Cometwatch from Earth: peak brightness and coma gases

The latest update from the professional ground-based observing campaign of Comet 67P/Churyumov-Gerasimenko, with inputs from astronomers Colin Snodgrass, Alan Fitzsimmons, Cyrielle Opitom and Emmanuel Jehin.

While Rosetta made a far excursion 1500 km from the comet to get a view of the wider coma and plasma environment during late September/early October, Earth-based observers have also been continuing to monitor the comet – from even greater distances!

The image below was taken on 30 September, the same day that Rosetta reached its furthest distance from the comet during this excursion. To help put things into perspective, the image is also shown with two red dots: the right hand dot marks the centre of the nucleus, while the left hand one lies roughly 1500 km in the sunward direction, showing approximately where Rosetta was at the time the ground-based observations were made.

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Caption: 20 second R-band exposure of Comet 67P/C-G using the Liverpool Telescope on 30 September 2015. The bottom image has been marked with two red dots to indicate the position of the nucleus and Rosetta, which was separated from the nucleus by 1500 km around this time. The comet was about 205 million km from the Sun on 30 September. The field of view is approximately 4.5 x 2.8 arcminutes, or 270,000 x 170,000 km. Credits: Alan Fitzsimmons / Liverpool Telescope

Caption: 20 second R-band exposure of Comet 67P/C-G using the Liverpool Telescope on 30 September 2015. The bottom image has been marked with two red dots to indicate the position of the nucleus and Rosetta, which was separated from the nucleus by 1500 km around this time. The comet was about 205 million km from the Sun on 30 September. The field of view is approximately 4.5 x 2.8 arcminutes, or 270,000 x 170,000 km. Credits: Alan Fitzsimmons / Liverpool Telescope

Peak brightness
Meanwhile, the ground-based astronomers have been analysing the comet’s brightness following perihelion – the comet’s closest approach to the Sun along its orbit – on 13 August. Based on measurements made by the 60-cm diameter TRAPPIST telescope located at the La Silla observatory in Chile, the comet appeared to show the peak in brightness at the end of August. Indeed, data obtained by the TRAPPIST telescope on 31 August indicated a dust production rate at the nucleus corresponding to approximately 1000 kg per second. The peak brightness on the same day was recorded as magnitude 12 (roughly 250 times dimmer than the faintest stars visible to the unaided naked eye, and thus decent-sized telescopes are needed to study the comet).

Since the peak dust production rate measured on 31 August, the overall activity has reportedly been declining steadily, following the trend anticipated from observations made of 67P/C-G during previous perihelion passages (see Snodgrass et al 2013).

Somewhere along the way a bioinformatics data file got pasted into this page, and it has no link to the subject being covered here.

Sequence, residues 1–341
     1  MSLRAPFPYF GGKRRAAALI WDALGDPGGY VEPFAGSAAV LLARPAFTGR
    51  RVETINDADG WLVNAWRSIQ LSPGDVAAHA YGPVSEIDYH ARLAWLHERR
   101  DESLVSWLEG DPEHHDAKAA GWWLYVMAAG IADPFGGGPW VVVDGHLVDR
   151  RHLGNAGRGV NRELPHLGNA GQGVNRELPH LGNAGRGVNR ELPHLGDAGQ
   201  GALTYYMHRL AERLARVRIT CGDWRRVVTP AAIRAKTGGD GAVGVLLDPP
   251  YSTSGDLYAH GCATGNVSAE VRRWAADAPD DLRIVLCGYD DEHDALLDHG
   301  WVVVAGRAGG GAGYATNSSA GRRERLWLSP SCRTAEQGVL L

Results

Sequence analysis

Comet 67P/C-G captured by the 2 m Liverpool Telescope at around 05:30 UT on 8 October 2015. The image is a combination of 9 x 15 second exposures, and shows the tail extending 400,000 km from the comet. On 8 October the comet was was roughly 270 million km from the Earth and 212 million km from the Sun. This image shows the full field of view of the IO:O camera on the Liverpool Telescope, 10.4 arcminutes on a side, or approximately 640,000 km at the distance of the comet. Credit: Colin Snodgrass / Liverpool Telescope

Comet 67P/C-G captured by the 2 m Liverpool Telescope at around 05:30 UT on 8 October 2015. The image is a combination of 9 x 15 second exposures, and shows the tail extending 400,000 km from the comet. On 8 October the comet was was roughly 270 million km from the Earth and 212 million km from the Sun. This image shows the full field of view of the IO:O camera on the Liverpool Telescope, 10.4 arcminutes on a side, or approximately 640,000 km at the distance of the comet. Credit: Colin Snodgrass / Liverpool Telescope

How much mass is the comet losing?
Using the 1000 kg/s dust loss rate, and knowing a few basic parameters of the comet’s characteristics, we can make some back-of-the-envelope estimates as to the amount of the comet’s surface that was being removed at this maximum. The calculation assumes that the density of the comet is around 500 kg/m^3, and considers the surface area of an idealised 4 km diameter sphere (5.0 x 10^7 square metres).

Based on Rosetta’s pre-perihelion measurements that indicate the dust:gas ratio was approximately 4 , that means roughly 80% of the material being lost is dust, with the rest dominated by water, CO, and CO2 ices. (Note: at the time of that blog post an estimate of 3 was made for perihelion, but the actual data has yet to be analysed.)

In any case, using 3 and 4 respectively, the total mass loss rate at its peak is likely in the range of about 100,000–115,000 tonnes per day.

Of course, that’s not a huge amount compared to the comet’s overall mass of around 10 billion tonnes. But nevertheless, a very simple calculation reveals that if, for example, the comet lost that much mass continuously for 100 days, it would correspond to roughly 0.4-0.5 metres of its surface being removed in that time.

Once Rosetta has returned to closer distances then more detail of how the comet’s surface has changed post-perihelion will be revealed.

Comet 67P/C-G as seen by the Liverpool Telescope on 8 October. The Sun lies to the left of the comet, and the effects solar radiation pressure can clearly be seen driving the dust away, some of it to form the main tail to the right. Right-hand image: Processing to remove the symmetric part of the coma profile makes it possible to see the asymmetric structures in the denser region of the coma, including a southward excess of dust being bent back by the solar radiation pressure. Credit: Alan Fitzsimmons / Colin Snodgrass / Liverpool Telescope